Community curates annual art show

Advertisement

Hang on for a minute...we're trying to find some more stories you might like.


Email This Story






This year, hundreds of artists will congregate in the South End of Burlington for the 24th year in a row to display their artwork and promote their businesses during the South End Art Hop.

The event, which occurs annually, will last Sept. 9 to 11.

This year’s Art Hop will feature attractions including the STRUT! Fashion Show, in which local fashion designers showcase their work, as well as an artist market where vendors can sell their creations.

Art Hop sets itself apart from other Burlington events because it’s not only free, but also is beneficial to the community said South End Arts and Business Association executive director, Adam Brooks.

“Visitors get to see what happens down here, find that unique studio and get connected to creativity,” Brooks said. “Residents love the fact that Art Hop brings the vibe that makes living in the South End unique and improves quality of life.”

Although Art Hop serves to unite the Burlington community and draw visitors who may not be locals to the South End, it also provides an opportunity for artists to come together and celebrate each other’s work.

Sage Tucker-Ketcham, an artist and teacher who serves as executive director of the Shelburne Craft School, said she looks forward to seeing her “art family” at this year’s event.

“[It’s] a great time to see old friends and celebrate what we do: art,” Tucker-Ketcham said. “Art Hop is a ton of work for artists to participate in and prepare for, so the actual event is like ‘phew, now let’s enjoy all the hard work we have done.’”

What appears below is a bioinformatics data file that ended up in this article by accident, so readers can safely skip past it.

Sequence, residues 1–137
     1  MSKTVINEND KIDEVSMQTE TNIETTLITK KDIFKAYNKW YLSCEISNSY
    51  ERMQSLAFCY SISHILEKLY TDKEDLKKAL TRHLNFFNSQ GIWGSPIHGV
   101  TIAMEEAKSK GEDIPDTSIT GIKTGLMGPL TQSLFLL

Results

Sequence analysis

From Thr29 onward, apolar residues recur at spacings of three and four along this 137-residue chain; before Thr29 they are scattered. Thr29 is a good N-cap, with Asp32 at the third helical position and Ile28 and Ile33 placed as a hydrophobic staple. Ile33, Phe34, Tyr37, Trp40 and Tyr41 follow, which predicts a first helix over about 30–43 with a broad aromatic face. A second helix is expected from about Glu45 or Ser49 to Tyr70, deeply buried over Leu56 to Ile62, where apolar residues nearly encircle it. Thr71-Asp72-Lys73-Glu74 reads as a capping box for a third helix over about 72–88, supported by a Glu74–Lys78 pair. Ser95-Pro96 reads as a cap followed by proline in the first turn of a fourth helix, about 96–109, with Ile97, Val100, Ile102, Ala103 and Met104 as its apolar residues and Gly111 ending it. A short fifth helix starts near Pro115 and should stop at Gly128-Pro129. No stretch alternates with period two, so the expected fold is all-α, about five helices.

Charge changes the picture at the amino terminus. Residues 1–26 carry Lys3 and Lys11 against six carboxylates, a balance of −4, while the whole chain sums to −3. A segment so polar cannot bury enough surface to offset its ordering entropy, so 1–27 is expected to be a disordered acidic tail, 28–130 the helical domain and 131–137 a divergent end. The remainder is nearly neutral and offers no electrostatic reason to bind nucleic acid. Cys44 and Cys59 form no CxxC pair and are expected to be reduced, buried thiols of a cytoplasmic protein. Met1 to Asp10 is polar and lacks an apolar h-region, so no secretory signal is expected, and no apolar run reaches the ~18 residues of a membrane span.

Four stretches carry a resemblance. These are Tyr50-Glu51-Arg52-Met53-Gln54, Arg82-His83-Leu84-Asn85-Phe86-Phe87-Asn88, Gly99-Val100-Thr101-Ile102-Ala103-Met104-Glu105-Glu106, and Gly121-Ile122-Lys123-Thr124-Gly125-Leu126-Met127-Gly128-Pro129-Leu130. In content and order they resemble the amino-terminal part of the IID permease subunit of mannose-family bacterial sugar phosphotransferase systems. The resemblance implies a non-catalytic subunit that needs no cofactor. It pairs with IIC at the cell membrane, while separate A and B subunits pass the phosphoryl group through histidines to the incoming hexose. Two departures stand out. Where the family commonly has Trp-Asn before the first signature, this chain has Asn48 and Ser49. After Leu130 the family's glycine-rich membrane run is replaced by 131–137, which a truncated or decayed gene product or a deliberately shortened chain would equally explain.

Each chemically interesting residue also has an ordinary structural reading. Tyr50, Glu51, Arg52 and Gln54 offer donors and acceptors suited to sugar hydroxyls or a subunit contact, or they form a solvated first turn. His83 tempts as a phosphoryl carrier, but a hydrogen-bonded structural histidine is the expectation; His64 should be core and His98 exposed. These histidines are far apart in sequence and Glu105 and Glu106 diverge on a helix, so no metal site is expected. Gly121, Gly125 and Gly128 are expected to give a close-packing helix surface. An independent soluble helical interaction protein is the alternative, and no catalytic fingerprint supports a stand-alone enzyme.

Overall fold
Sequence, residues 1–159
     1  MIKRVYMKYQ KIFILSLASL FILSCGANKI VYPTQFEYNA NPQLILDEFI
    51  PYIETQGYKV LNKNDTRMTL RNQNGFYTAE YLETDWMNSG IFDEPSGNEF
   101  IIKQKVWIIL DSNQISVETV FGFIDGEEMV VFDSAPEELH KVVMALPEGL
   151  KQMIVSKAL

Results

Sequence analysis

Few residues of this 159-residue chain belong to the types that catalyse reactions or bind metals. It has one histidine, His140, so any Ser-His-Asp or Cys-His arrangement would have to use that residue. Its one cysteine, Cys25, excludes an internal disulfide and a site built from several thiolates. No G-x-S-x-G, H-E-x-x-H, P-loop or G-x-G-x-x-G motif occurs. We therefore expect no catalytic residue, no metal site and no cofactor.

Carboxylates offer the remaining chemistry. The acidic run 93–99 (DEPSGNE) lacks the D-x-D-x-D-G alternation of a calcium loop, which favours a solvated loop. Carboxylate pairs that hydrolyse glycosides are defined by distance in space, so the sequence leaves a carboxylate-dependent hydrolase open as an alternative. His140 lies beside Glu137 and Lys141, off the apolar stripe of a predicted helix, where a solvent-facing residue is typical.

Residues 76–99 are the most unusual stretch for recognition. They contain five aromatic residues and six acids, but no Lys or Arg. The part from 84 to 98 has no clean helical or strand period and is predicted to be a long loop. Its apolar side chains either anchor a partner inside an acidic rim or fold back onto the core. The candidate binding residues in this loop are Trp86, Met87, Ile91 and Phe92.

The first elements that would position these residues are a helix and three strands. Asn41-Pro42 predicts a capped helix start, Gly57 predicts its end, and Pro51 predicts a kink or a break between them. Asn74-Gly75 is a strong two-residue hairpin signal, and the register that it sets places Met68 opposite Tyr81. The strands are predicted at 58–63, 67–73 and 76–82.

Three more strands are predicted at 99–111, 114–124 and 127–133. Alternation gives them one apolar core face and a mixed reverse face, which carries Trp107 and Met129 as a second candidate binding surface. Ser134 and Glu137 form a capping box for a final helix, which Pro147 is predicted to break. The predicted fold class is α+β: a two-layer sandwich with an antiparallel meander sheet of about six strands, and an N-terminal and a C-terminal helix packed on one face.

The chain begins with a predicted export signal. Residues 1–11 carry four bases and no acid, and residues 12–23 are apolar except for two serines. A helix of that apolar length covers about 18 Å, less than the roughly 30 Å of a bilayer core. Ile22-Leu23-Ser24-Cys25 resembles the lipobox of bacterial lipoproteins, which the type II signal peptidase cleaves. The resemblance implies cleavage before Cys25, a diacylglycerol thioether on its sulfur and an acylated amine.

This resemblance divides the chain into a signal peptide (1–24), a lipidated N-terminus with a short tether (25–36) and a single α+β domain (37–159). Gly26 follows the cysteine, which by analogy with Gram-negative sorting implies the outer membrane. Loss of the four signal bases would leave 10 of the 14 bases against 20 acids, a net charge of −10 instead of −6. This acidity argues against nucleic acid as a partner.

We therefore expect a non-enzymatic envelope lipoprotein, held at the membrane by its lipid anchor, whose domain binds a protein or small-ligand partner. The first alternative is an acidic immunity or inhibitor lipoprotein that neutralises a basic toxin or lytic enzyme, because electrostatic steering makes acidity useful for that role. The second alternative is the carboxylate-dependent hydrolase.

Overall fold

Over 30,000 visitors attend the event each year according to the Art Hop website. However, it wasn’t always such a popular attraction, Brooks said.

The first Art Hop took place 1992, he said, and “there were only about fifteen studios and businesses that participated with about 200 attendees on that Friday night.”

SEABA and Community Economic Development Organization gradually occupied the then-vacant South End, Brooks said. “Companies like Lake Champlain Chocolates, Conant Metal & Light and others began to make things and their businesses started to grow,” he said.

The event creates an opportunity for discussion and different perspectives in which all can participate, Photographer and Art Hop volunteer Sarah McGarghan, who received last year’s People’s Choice Award for the juried portion of Art Hop, said

“I feel that art really forms a connection, something that everyone can enjoy, contemplate, and discuss,” McGarghan said, “ it doesn’t create barriers and actually can break them down.”

“Everyone can stand side by side and discuss art, regardless of race, creed or color,” she said.